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Subangstrom Resolution X-Ray Structure Details Aquaporin-Water Interactions

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Science  14 Jun 2013:
Vol. 340, Issue 6138, pp. 1346-1349
DOI: 10.1126/science.1234306

Choosing Water

Aquaporins are proteins that facilitate transport of water across biological membranes. They must be selective for water, without binding it so tightly as to impede transport, and they must prevent proton transfer by rapid exchange between hydrogen-bonded water molecules. Kosinska Eriksson et al. (p. 1346; see the Perspective by Abramson and Vartanian) describe the subangstrom resolution structure of yeast aquaporin, which allows assignment of side-chain conformations and shows that the H-bond geometry of water molecules prevents proton conductance without compromising water transport.

Abstract

Aquaporins are membrane channels that facilitate the flow of water across biological membranes. Two conserved regions are central for selective function: the dual asparagine-proline-alanine (NPA) aquaporin signature motif and the aromatic and arginine selectivity filter (SF). Here, we present the crystal structure of a yeast aquaporin at 0.88 angstrom resolution. We visualize the H-bond donor interactions of the NPA motif’s asparagine residues to passing water molecules; observe a polarized water-water H-bond configuration within the channel; assign the tautomeric states of the SF histidine and arginine residues; and observe four SF water positions too closely spaced to be simultaneously occupied. Strongly correlated movements break the connectivity of SF waters to other water molecules within the channel and prevent proton transport via a Grotthuss mechanism.

Aquaporins are water transport facilitators found in all kingdoms of life (1). They are primarily responsible for water homeostasis within living cells, although a subset of aquaporins also facilitates the flow of other small polar molecules, such as glycerol or urea. As with any membrane transport facilitator, aquaporins have evolved to be highly selective for their transported substrate without binding water so strongly that transport is inhibited. In addition to excluding hydroxide (OH) and hydronium (H3O+) ions, aquaporins must also prevent proton transport via a Grotthuss mechanism (2, 3) in which protons are rapidly exchanged between hydrogen bonded water molecules.

Crystal structures of bacterial (4, 5), archael (6), yeast (7), plasmodium (8), plant (9), mammalian (1012), and human (1315) aquaporins have established that these channels contain six transmembrane α helices and associate as homo-tetramers. A seventh pseudo-transmembrane helix is formed by loops B and E, which fold as aligned half-helices that insert from opposite sides of the membrane and place the conserved dual asparagine-proline-alanine (NPA) signature motif near the center of the water pore (Fig. 1). Transport specificity is defined by the aromatic and arginine selectivity filter (SF) (16, 17), which is located near the extracellular pore entrance and forms the narrowest portion of the channel.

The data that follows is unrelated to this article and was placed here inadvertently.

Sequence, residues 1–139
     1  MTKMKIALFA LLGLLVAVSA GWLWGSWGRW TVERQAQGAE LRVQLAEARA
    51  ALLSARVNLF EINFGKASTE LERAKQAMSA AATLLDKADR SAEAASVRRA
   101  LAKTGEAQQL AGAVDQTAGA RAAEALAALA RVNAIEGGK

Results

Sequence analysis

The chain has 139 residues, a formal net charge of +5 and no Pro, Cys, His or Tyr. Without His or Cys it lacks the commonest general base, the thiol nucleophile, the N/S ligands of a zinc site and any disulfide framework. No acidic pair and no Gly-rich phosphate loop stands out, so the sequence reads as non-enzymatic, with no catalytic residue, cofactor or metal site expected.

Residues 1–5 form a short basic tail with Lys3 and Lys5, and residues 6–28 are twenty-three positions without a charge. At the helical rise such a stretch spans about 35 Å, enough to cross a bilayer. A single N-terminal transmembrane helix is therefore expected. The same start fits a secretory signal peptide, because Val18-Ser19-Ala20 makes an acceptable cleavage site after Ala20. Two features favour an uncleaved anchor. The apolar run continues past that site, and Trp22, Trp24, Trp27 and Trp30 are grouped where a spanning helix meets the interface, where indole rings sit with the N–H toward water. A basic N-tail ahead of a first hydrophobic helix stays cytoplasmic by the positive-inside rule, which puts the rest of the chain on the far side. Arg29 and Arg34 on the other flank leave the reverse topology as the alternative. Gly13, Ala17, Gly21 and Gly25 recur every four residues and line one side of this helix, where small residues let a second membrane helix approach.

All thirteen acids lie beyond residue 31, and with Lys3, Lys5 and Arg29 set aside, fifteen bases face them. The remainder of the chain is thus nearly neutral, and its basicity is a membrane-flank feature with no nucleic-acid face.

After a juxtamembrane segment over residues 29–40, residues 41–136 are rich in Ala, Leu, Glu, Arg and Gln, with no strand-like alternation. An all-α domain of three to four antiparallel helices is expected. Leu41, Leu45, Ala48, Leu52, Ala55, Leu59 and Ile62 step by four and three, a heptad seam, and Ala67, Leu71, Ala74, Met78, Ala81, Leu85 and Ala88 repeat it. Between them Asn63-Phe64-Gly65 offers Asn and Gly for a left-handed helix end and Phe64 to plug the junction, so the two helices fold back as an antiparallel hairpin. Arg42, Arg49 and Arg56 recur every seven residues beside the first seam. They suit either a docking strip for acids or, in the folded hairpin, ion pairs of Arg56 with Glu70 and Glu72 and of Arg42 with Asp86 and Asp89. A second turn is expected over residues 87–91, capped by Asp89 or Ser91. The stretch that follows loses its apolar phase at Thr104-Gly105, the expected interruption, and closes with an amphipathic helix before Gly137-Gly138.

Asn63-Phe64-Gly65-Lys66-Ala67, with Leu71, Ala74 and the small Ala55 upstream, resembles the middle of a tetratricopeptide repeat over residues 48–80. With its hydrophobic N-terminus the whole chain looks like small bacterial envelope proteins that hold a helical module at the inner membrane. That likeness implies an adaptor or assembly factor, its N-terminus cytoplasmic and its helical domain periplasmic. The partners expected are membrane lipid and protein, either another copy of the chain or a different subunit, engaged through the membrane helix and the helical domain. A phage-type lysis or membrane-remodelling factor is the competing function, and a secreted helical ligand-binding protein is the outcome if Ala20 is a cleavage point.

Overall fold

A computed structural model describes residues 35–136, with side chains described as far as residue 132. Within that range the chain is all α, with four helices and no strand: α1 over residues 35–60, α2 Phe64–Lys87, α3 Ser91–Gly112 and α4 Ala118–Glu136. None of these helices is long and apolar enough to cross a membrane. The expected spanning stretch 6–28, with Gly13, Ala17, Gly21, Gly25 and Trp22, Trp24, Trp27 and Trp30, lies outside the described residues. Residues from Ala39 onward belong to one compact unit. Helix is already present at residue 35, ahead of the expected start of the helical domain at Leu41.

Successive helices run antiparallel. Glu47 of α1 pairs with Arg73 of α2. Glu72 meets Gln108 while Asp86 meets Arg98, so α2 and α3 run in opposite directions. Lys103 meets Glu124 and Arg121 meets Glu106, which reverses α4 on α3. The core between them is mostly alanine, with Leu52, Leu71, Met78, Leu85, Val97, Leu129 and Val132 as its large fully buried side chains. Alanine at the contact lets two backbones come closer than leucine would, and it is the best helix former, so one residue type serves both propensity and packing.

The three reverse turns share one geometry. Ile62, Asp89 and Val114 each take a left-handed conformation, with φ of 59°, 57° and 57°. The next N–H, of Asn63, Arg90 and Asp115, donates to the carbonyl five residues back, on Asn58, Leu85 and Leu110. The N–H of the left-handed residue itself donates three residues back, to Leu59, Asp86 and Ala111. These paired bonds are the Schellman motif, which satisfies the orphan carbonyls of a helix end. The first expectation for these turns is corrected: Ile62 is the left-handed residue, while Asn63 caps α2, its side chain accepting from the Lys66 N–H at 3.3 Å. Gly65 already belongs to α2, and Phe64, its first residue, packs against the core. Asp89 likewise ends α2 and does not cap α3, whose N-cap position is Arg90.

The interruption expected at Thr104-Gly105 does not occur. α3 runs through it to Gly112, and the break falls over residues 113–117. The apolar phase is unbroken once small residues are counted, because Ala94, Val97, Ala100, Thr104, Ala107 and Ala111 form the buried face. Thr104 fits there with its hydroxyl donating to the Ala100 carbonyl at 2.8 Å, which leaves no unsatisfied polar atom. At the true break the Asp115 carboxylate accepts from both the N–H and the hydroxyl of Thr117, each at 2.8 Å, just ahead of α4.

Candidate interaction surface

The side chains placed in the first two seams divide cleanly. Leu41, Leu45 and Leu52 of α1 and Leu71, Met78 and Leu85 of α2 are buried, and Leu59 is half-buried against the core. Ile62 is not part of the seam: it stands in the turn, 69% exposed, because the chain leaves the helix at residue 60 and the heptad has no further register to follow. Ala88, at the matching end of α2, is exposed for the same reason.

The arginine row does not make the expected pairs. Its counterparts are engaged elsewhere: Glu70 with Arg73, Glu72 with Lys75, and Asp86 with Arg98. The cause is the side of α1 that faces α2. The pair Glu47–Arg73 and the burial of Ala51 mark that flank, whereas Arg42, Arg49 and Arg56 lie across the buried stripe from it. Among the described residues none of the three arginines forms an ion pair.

Fig. 1

Fold of Aqy1. (A) The six transmembrane helices and the seventh pseudo-transmembrane helix formed by loops B (orange) and E (green). (B) Water molecule positions within the channel (red spheres). The dual-NPA–aquaporin signature motif (bottom box) and the SF (top box) are highlighted.

Several models accounting for the ability of aquaporins to impede the passage of protons have emerged from structural arguments (13), molecular dynamics (MD) investigation of water structure and dynamics (17, 18), and computational studies characterizing the energetics associated with explicit transfer of protons across the channel (19, 20). These studies assert different microscopic mechanisms for excluding protons, including electrostatic repulsion (19, 2123), configurational barriers (17), and desolvation penalties (24), and they consistently report the NPA region, where the macrodipoles of the two half-helices formed by loops B and E focus a positive electrostatic potential, as the main barrier against proton transport (1724). This creates an electrostatic barrier to proton transport (21) and orients the water molecule’s dipole moment near the NPA motif, such that the order of oxygen and hydrogen atoms do not support proton exchange via a Grotthuss mechanism (17, 18). Although intuitively appealing, this picture does not explain why mutations within the NPA motifs that diminish this positive electrostatic barrier facilitate the transport of sodium ions, but not protons (25, 26); nor is it evident why mutations within the SF can allow the channel to conduct protons (27, 28).